One pint of cold salt fish, prepared as on page 136, and chopped very fine. Eight good-sized, freshly-boiled potatoes, or enough to make a quart when mashed. Mash with half a teaspoonful of salt, and a heaping tablespoonful of butter, and, if liked, a teaspoonful of made mustard. Mix in the chopped fish, blending both thoroughly. Make into small, round cakes; flour on each side; and fry brown in a little drippings or fat of fried pork. A nicer way is to make into round balls, allowing a large tablespoonful to each. Roll in flour; or they can be egged and crumbed like croquettes. Drop into boiling lard; drain on brown paper, and serve hot. Fresh fish can be used in the same way, and is very nice. Breadcrumbs, softened in milk, can be used instead of potato, but are not so good.
Use either fresh fish or salt. If the former, double the measure of salt will be needed. Prepare and mix as in fish balls, allowing always double the amount of fresh mashed potato that you have of fish. Melt a large spoonful of butter or drippings in a frying-pan. When hot, put in the fish. Let it stand till brown on the bottom, and then stir. Do this two or three times, letting it brown at the last, pressing it into omelet form, and turning out on a hot platter, or piling it lightly.
One pint of cold minced fish, either salt cod or fresh fish; always doubling the amount of seasoning given if fresh is used. Melt in a frying-pan a tablespoonful of butter; stir in a heaping one of flour, and cook a minute; then add a pint of milk and a saltspoonful each of salt and pepper. When it boils, stir in the fish, and add two well-beaten eggs. Cook for a minute, and serve very hot.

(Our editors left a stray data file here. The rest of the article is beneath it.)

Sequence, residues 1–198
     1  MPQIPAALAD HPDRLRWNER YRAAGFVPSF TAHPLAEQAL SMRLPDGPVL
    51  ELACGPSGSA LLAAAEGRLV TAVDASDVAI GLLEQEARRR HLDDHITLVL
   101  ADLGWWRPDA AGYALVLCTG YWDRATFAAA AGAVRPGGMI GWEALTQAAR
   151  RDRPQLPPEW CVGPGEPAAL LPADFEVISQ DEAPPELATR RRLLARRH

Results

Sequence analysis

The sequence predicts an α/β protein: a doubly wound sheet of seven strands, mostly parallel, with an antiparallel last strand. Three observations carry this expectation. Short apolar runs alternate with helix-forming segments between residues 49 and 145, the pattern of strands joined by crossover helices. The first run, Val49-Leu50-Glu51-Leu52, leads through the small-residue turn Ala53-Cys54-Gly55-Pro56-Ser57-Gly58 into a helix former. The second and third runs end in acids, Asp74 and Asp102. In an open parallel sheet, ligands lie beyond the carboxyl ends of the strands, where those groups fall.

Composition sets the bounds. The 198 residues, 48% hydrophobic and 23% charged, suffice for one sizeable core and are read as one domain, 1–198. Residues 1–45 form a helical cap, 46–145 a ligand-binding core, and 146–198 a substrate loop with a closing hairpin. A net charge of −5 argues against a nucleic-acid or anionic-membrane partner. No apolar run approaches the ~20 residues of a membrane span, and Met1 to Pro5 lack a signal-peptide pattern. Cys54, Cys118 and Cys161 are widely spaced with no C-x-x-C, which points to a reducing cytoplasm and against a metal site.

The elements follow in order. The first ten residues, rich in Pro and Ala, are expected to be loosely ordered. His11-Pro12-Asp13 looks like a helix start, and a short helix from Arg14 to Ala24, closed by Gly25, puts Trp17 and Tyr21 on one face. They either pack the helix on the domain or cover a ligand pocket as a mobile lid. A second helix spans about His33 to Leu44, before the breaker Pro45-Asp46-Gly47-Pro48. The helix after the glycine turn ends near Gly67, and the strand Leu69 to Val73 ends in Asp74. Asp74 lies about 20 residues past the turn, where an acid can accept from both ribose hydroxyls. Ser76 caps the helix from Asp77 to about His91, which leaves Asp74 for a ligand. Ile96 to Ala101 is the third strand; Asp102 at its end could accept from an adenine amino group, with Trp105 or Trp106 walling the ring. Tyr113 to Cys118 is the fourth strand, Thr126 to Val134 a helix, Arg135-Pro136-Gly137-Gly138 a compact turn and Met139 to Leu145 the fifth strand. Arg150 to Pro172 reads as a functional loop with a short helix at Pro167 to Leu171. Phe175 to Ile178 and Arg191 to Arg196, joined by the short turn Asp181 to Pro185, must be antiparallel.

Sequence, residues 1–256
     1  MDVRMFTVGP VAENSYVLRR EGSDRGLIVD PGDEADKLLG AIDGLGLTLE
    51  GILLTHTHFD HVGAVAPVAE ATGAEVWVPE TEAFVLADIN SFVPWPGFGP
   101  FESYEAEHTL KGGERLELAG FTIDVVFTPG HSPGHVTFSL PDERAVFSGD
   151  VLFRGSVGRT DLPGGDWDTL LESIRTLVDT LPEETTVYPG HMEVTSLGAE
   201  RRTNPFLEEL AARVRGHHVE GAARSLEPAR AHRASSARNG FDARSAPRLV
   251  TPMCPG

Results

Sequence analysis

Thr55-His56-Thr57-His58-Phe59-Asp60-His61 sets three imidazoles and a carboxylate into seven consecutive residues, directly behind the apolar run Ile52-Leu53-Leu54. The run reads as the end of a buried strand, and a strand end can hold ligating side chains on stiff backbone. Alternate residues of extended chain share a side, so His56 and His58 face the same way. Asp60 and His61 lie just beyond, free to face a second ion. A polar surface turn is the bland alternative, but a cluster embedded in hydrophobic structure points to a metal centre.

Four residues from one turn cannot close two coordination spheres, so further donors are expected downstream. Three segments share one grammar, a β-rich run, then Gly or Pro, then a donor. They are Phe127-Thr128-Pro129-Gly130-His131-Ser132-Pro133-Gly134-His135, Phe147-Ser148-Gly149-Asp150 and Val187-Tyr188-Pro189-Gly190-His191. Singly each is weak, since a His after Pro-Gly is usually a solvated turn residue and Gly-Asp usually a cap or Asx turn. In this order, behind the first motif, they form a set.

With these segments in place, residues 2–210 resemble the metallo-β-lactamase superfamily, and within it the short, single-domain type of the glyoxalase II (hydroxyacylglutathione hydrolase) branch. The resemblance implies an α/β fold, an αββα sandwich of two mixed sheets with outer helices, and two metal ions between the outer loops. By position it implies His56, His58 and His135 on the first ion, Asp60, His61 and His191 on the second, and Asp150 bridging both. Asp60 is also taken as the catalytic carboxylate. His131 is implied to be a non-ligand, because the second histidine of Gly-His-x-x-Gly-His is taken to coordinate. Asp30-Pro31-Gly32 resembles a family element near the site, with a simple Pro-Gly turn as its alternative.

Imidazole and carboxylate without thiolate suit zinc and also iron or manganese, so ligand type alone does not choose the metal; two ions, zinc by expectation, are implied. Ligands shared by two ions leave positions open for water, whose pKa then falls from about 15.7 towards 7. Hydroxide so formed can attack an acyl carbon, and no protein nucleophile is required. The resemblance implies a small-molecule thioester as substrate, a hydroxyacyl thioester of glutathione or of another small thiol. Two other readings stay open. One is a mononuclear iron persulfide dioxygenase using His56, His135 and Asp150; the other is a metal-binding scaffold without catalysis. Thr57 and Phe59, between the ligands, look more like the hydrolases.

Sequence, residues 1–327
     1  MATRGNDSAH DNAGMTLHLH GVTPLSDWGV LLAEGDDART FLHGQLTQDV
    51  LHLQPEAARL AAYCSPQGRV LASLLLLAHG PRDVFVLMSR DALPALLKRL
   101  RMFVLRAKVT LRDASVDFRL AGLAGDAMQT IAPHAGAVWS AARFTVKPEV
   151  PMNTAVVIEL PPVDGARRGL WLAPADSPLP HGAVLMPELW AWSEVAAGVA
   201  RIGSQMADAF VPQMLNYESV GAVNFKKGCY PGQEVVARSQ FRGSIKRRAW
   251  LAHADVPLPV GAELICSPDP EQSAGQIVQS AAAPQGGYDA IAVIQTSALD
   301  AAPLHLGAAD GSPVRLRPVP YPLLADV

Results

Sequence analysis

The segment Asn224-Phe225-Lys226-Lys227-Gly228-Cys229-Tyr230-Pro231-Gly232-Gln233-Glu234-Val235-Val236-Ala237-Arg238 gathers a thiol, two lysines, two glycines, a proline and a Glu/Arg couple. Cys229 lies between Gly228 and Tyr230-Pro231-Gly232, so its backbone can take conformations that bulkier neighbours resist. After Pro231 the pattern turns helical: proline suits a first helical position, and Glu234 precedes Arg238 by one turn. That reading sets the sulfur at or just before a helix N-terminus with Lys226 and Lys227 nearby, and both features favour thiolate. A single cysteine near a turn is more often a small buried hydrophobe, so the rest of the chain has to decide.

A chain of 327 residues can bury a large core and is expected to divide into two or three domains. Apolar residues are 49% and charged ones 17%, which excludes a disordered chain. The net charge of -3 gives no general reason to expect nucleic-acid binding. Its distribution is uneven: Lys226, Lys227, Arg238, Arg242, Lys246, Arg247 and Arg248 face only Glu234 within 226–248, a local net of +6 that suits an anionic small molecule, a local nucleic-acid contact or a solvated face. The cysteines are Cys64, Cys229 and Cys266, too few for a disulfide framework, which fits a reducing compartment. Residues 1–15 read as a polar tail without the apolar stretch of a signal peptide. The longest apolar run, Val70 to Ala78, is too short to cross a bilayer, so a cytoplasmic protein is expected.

Cold salmon, or that put up unspiced, is nice done in this way. The eggs can be omitted, but it is not as good. If cream is plenty, use part cream. Any cold boiled fresh fish can be used in this way.
Soak over-night, the skin-side up. In the morning wipe dry, and either broil, as in general directions for broiling fish, page 133, or fry brown in pork fat or drippings.
Salted shad are treated in the same way. All are better broiled.
If in skins, prick them all over with a large darning-needle or fork; throw them into a saucepan of boiling water and boil for one minute. Take out, wipe dry, and lay in a hot frying-pan, in which has been melted a tablespoonful of hot lard or drippings. Turn often. As soon as brown they are done. If gravy is wanted, stir a tablespoonful of flour into the fat in the pan; add a cup of boiling water, and salt to taste,—about a saltspoonful,—and pour, not over, but around the sausages. Serve hot.